tax becomes law and amount is raised instantly A service of A.M. Costa Rica
tax becomes law
and amount is raised instantly
For CR Business
(Dec. 28, 2011) The ink was not even dry on the president's signature
on a new
corporation tax when word arrived that the amount was going up 14
President Laura Chinchilla signed the measure Tuesday, Dec. 27. The law
says that the tax will be 50 percent of what is called a base salary.
This is the monthly pay of an auxiliar administrativo 1 who works
in the Poder Judicial. The idea was to link the amount, like in many
laws, to a figure that would be increased with inflation as the salary
of a mid-level employee was increased.
This is the same base salary referenced in a number of traffic and tax
When the president signed the bill, the base salary was 316,200
colons or about $622. So the tax on corporations, which is expected to
go into force April 1 would have been $311. However, some increase was
expected because salaries usually are increased every Jan. 1 and July 1.
But a 14 percent hike was not expected. The Consejo Superior del
Poder Judicial approved the increase, which will take effect Jan. 1.
The new base salary is 360,600 colons or about $709. That means
the corporate tax will be $354.50 or 180,000 colons when it takes
effect April 1.
No mention of the jump in the base salary was made during the last day
of legislative discussion when the law received final approval.
Lawmakers probably did not know about the change. Ms. Chinchilla never
mentioned it either, but the increase means another small windfall for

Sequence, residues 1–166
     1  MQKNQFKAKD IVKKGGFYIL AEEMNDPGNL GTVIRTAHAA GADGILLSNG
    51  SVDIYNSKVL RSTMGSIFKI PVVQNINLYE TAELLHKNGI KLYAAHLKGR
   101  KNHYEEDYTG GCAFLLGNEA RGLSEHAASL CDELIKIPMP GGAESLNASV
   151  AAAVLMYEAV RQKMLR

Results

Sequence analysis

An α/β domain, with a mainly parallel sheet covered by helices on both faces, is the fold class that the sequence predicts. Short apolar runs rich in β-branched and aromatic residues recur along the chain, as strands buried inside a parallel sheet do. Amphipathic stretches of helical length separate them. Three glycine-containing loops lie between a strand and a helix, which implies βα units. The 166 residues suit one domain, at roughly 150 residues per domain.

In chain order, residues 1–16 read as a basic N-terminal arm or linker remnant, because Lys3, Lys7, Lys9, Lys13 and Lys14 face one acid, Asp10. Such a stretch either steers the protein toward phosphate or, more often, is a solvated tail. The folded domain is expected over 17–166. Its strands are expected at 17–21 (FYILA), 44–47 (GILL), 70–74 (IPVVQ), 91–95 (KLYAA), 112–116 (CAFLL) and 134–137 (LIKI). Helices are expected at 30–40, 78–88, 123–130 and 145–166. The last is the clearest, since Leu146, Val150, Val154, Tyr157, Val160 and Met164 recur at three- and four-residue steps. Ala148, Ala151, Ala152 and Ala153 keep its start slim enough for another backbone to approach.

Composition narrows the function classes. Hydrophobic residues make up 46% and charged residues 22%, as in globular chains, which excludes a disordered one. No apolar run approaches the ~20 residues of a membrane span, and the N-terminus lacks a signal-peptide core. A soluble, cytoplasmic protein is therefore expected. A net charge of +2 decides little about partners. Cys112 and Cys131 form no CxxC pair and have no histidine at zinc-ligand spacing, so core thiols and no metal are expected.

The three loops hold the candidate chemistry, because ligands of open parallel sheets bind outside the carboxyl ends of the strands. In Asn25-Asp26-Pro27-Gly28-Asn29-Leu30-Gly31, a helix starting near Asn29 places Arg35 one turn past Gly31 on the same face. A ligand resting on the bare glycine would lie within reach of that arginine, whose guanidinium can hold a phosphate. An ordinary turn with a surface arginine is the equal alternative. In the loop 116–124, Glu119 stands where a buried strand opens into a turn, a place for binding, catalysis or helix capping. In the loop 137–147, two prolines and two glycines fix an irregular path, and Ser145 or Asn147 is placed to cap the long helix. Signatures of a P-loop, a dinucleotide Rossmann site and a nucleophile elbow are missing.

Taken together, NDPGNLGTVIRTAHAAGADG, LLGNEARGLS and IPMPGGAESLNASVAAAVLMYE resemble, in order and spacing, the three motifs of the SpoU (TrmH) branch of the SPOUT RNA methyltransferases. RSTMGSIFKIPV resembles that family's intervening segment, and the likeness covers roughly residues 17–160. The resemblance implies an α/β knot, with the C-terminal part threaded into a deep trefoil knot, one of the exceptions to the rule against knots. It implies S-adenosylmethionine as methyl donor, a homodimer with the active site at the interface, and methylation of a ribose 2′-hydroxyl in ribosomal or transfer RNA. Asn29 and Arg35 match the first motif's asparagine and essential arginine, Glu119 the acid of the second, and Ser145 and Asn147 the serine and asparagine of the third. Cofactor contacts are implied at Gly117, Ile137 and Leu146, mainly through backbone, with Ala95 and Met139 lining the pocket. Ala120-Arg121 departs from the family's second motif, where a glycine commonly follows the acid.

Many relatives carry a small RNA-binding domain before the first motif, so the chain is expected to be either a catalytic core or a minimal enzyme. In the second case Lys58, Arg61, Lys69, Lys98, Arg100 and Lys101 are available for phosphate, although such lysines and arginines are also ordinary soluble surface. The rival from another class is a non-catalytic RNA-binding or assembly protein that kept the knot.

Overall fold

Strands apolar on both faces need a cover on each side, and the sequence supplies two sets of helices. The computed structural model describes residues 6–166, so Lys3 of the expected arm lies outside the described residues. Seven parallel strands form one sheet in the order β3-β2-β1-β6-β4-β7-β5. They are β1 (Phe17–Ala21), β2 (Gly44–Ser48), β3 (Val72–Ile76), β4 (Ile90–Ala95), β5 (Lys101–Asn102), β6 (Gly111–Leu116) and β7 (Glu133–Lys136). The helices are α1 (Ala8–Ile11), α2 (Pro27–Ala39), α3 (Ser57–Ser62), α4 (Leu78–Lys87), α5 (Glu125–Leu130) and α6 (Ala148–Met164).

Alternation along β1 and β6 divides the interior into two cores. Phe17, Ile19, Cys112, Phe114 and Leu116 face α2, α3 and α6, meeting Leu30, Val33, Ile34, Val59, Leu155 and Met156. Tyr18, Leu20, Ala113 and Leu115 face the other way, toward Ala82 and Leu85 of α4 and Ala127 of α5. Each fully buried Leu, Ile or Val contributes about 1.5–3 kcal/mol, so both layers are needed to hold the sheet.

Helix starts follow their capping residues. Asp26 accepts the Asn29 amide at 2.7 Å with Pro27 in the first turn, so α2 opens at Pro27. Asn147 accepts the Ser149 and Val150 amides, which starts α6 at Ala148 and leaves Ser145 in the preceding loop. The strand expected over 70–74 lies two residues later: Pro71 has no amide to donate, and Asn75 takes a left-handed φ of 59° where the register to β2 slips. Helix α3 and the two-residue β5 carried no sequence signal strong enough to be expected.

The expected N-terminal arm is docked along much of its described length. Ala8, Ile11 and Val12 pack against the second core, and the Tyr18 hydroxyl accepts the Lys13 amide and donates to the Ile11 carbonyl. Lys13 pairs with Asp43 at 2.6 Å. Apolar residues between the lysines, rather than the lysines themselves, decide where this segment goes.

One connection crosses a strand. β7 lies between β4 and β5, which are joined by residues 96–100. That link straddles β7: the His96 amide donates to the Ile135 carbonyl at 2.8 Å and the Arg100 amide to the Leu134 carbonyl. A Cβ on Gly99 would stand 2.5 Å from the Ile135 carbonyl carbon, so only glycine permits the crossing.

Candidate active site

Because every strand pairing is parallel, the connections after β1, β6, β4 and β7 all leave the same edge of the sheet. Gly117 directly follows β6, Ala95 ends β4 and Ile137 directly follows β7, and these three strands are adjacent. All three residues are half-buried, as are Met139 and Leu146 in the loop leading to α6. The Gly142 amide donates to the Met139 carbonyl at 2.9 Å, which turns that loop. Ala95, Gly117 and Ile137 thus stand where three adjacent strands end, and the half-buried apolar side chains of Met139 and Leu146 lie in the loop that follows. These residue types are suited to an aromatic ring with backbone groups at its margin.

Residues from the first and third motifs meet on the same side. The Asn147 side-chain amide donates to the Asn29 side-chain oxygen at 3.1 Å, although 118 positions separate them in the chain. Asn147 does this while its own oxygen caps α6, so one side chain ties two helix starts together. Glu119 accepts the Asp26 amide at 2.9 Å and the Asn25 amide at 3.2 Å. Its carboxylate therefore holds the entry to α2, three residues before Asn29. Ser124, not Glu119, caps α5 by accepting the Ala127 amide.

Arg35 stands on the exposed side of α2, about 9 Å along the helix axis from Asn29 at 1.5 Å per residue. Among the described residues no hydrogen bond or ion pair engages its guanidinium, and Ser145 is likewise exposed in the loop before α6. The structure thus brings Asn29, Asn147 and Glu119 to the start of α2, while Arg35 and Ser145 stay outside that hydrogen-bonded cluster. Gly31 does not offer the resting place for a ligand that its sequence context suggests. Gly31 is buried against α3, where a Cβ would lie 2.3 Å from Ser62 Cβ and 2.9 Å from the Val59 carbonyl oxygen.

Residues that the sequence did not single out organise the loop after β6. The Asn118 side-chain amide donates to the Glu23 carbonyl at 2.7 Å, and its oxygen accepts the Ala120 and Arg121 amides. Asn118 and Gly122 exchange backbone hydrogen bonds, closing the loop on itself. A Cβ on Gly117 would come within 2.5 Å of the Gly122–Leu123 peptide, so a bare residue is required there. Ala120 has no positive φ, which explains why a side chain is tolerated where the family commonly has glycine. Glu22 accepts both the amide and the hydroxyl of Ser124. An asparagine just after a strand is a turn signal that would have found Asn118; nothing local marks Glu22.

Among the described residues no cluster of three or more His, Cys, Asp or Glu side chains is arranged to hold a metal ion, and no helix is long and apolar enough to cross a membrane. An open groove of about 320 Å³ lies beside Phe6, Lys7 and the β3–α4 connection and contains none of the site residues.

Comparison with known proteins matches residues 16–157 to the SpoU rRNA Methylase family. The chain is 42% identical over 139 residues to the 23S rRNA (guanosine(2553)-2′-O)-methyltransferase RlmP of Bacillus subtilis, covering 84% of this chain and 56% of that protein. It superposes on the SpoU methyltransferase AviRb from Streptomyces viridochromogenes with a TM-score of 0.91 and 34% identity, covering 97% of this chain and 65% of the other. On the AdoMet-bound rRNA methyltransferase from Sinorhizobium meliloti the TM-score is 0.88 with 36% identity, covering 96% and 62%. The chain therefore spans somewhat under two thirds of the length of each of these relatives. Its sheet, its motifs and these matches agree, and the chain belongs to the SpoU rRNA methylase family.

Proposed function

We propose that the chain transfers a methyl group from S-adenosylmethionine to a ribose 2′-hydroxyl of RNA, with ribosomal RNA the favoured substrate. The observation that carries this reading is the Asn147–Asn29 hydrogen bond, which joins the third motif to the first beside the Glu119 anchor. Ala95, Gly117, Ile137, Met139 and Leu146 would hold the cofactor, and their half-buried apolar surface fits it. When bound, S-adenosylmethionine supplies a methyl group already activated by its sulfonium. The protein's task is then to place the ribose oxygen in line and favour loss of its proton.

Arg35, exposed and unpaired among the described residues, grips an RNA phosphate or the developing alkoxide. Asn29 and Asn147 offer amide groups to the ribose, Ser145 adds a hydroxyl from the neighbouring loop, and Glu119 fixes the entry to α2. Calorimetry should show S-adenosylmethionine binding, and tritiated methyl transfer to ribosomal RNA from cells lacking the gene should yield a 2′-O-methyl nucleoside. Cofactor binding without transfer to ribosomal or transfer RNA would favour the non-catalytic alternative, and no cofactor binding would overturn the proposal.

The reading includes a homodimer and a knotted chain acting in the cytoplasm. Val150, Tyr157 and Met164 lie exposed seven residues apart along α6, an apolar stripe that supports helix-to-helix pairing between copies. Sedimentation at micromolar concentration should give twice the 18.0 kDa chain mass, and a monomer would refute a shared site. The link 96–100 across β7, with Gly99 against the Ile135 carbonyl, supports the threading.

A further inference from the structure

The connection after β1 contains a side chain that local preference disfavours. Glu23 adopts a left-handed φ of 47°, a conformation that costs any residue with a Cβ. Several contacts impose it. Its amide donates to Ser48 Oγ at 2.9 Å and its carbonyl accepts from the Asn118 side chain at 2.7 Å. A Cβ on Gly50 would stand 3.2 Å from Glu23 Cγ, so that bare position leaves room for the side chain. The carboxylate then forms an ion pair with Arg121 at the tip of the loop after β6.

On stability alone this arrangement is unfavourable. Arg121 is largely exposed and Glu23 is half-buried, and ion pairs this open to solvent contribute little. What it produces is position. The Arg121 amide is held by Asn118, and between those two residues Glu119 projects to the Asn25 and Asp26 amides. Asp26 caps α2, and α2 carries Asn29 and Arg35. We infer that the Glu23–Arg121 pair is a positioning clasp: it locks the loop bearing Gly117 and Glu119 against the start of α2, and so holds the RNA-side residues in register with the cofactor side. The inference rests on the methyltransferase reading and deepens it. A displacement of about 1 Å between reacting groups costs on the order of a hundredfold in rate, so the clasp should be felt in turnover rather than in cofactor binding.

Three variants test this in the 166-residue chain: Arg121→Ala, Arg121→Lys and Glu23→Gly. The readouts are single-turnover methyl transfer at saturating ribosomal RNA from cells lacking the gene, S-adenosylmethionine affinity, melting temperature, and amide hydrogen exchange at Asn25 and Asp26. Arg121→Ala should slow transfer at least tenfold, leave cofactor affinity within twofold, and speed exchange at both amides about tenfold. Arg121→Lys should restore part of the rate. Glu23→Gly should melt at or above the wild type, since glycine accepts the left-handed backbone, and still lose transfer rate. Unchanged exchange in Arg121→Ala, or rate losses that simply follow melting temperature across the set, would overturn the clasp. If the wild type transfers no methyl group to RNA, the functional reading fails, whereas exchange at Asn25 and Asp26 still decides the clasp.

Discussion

the Ministerio de Gobernación, Policía y Seguridad
Pública, which gets 95 percent of the tax money.
Of course, there are ways around the tax. The law specifically
exempts small- and medium-size enterprises, known as PYMES, an acronym
based on the Spanish phrase. The designation is awarded by the Ministerio
de Economía, Industria y Comercio if the
company meets certain requirements. The designation applies to firms
with a small workforce and moderate incomes.
An inactive corporation, that is one without economic activity, only
will be assessed half the tax or about 90,000 colons, according to the
law. That is about $177.
Then, too, some expats will seek to disband their corporation and do
business or hold property in their own names. The law allows this and
even eliminates the need for some stamps and fees to do this. But there
is a catch.
As Garland Baker pointed out in July,
corporation is costly, too, because the process requires the assistance
of a notary. He said this in A.M. Costa Rica:
“The proper way to close an inactive company is to go before a notary
and change the constitution. Most companies are constituted for
99 years. The notary would change the constitution of the company
to only a few months into the future. Once past, the company
would be, in theory, dead. The books then should go to the tax
department for cancelation.
“Sounds easy, but this process is expensive. Here is an
estimation of the costs:
“A notary will charge around 20,000 colons ($40) for writing the change
into the minute book and 60,000 colons ($120) to notarizing the
act. To change the constitution of a company requires publication
in “La Gaceta,” the official newspaper, which costs between 7,000 and
8,000 colons (up to $16). To file the paperwork costs about
65,000 colons ($130).
“Add it all up and the result is 153,000 colons or three hundred and
six dollars. A lot of money just to kill and inactive company.”
Corporate owners have six months to complete the process, under the law.
Baker also warned about the dangers of expats holding property in their
own name. One reason is the need for an expensive probate process if
the expat dies holding property.
The tax in 2012 will be prorated for the remaining nine months and the
first tax will be just 75 percent of the stated amount. The money must
be paid within 30 days, that is by April 30. Subsequent tax payments
will be due Jan. 1 each year and have to be paid by the end of that
month. Those amounts will be increased, too, as the base salary is
The text of the new tax law can be found in the Dec. 27 digital edition
of the La Gaceta. It appears that the text was published even before
President Chinchilla actually signed the bill to make it a law. It is HERE.
The text is linked to “Alcance Digital Numero 111-A PDF” which can be
found in the right hand column.